Acting intuitively means reaching out to the outcasts in our own selves and in our neighborhoods

And this is why I believe St. Francis’ defining moment on his spiritual journey was the embracing of the leper. Lepers represented to him everything he feared and loathed. Embracing the leper meant dissolving all that separated him from his own deepest Self and from a group he had previously avoided. People who seriously embark on a spiritual journey at some point must drop their conventional thinking, see the world in a new, intuitive way, and embrace their own leper in order to be at one with their deeper Self and others. Reaching out to and identifying with the poor, bereaved and oppressed are ways to embrace the feared lepers in our own selves. These outcasts hold the key to our own transformation on the spiritual journey

Luke 4: Faith Healing and the Empathetic, Intuitive Heart

Jesus Healing the Sick

Jesus Healing the Sick

The first hearers of Luke’s story of Jesus would have the stories of healings and exorcisms (Luke 4:31-44) to be a normal part of life. What do they mean for us in today’s society?  Is there room for healing in our faith?

In mainstream Christian traditions like Catholicism and Anglicanism faith healing has not been emphasized, perhaps reflecting modern society’s bent to prefer a scientific approach to healing. While people have always prayed for good health and blessed themselves against evil, these were “back burner” practices, not given center stage importance as Jesus did in his ministry.  This attitude may be changing, however, with the recent popularity of energy medicine and notions of how energy heals in Asian traditions.  These practices may become the bridges that can help westerners understand how faith healing works, and thereby open up the possibility for a more general acceptance of it.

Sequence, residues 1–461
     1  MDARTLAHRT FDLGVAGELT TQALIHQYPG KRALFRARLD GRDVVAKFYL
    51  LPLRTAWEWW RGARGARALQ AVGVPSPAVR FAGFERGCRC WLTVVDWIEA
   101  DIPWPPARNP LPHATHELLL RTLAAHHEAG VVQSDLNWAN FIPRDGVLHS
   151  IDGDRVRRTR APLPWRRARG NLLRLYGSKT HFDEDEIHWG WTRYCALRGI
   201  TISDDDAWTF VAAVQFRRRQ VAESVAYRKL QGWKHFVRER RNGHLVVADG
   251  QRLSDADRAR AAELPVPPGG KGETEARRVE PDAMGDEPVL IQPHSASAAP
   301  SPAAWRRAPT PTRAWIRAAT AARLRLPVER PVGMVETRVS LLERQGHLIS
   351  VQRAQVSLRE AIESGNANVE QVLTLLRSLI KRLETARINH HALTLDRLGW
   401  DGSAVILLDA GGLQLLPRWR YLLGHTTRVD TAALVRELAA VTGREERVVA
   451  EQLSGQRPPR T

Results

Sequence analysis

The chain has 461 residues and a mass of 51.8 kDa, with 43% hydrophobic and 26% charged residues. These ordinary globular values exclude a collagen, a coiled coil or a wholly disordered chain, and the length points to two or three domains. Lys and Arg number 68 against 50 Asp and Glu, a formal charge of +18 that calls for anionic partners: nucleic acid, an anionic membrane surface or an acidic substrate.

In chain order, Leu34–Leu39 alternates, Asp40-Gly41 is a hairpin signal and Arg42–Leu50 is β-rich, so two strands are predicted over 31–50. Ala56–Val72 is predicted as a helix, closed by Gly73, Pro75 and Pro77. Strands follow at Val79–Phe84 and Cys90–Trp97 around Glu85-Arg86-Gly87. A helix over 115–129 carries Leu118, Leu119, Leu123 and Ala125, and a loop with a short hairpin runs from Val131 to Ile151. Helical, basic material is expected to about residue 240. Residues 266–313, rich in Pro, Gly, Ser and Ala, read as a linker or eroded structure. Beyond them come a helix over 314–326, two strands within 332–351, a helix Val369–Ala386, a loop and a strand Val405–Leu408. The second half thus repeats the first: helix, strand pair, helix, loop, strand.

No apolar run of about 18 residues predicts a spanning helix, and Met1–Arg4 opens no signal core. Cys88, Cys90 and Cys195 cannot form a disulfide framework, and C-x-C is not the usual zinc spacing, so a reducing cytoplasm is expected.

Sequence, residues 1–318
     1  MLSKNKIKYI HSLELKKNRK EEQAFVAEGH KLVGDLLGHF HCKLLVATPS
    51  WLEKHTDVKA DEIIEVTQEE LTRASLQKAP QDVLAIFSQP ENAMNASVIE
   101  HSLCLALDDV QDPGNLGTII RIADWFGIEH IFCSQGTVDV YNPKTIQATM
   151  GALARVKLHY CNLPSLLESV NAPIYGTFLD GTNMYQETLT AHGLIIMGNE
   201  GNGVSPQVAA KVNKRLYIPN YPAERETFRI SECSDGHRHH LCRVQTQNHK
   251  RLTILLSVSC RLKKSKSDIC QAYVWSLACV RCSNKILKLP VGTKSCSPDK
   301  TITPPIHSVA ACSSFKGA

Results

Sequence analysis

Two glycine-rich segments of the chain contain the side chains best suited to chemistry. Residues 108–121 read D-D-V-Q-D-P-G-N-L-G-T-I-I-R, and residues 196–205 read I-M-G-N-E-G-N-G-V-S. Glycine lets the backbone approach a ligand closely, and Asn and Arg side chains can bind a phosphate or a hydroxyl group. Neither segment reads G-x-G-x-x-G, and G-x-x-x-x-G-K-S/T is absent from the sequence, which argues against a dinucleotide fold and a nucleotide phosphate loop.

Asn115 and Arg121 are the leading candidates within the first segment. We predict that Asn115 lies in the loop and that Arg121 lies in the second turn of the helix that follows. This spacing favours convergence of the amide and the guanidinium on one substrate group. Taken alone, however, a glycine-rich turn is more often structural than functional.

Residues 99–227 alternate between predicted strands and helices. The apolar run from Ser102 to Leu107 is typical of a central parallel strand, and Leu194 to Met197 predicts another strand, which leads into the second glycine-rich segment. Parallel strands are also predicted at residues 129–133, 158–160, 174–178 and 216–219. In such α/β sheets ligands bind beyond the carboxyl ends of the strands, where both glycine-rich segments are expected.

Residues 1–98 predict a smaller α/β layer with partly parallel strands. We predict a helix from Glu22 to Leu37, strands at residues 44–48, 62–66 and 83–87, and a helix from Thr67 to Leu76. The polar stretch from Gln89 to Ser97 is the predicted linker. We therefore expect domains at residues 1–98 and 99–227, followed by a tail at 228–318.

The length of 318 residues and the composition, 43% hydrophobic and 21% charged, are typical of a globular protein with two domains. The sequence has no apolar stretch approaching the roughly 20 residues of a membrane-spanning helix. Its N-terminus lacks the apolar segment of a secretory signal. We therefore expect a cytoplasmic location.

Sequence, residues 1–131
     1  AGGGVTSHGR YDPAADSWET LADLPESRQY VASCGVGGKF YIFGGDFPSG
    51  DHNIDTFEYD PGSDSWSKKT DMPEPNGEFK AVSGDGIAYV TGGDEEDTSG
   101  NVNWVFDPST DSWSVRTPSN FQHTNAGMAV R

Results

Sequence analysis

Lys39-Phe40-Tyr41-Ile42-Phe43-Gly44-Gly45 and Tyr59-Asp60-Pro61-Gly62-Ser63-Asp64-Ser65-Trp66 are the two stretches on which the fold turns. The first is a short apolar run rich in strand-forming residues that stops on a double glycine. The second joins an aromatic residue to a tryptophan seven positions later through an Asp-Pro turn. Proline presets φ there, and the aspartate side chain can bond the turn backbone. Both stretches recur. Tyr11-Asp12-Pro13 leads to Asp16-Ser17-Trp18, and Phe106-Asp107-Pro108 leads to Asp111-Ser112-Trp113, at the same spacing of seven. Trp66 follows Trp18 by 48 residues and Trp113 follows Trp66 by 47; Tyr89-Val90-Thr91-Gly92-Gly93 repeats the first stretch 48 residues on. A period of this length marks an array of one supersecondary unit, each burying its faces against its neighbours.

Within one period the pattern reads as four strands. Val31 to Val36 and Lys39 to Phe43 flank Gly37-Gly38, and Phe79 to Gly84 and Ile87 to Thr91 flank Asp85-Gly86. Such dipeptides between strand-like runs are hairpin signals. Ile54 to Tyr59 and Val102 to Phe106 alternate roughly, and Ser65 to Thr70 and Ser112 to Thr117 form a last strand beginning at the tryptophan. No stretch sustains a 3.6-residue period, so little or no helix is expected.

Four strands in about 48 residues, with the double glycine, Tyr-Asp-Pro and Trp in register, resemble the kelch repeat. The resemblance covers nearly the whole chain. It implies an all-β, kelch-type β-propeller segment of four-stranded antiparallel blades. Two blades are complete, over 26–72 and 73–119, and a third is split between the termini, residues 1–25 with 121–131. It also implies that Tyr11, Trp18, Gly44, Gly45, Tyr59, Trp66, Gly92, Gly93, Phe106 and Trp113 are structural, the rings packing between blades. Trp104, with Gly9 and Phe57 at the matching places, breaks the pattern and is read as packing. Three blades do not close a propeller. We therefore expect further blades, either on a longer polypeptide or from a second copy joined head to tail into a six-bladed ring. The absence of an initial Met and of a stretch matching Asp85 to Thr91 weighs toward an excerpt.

What is Faith Healing?

As a “hands on healer” in my own church, I can see a need to educate people about faith healing.  It is not “magic,” and certainly nothing to be afraid of.   It is energy that flows because love desires to help someone with a need.  When Jesus healed, He healed energetically.  For example, in Luke 8:48 Jesus even says he felt energy go out from him as the woman with a hemorrhage sought his healing.

The Power of the Empathetic, Intuitive Heart

Modern day faith and energy healers recognize this kind of energy flow that can go from one person to another.  Many take the compassionate intuitive heart to be the locus that draws and directs this healing energy to other people.  This was verified for me in a dream when I saw a physician who told me that healing comes from what can be called the intuitive heart, a region he pointed out to be just above and to the left of the physical heart.  Healing energy then goes out from there.  From my own experience and observation I have seen that a developed sense of intuition provides an empathetic inner knowing of the other person’s state thereby initiating and inspiring an open heart to help someone who is suffering.  The heart’s intentionality to help sets and directs the energy on its path.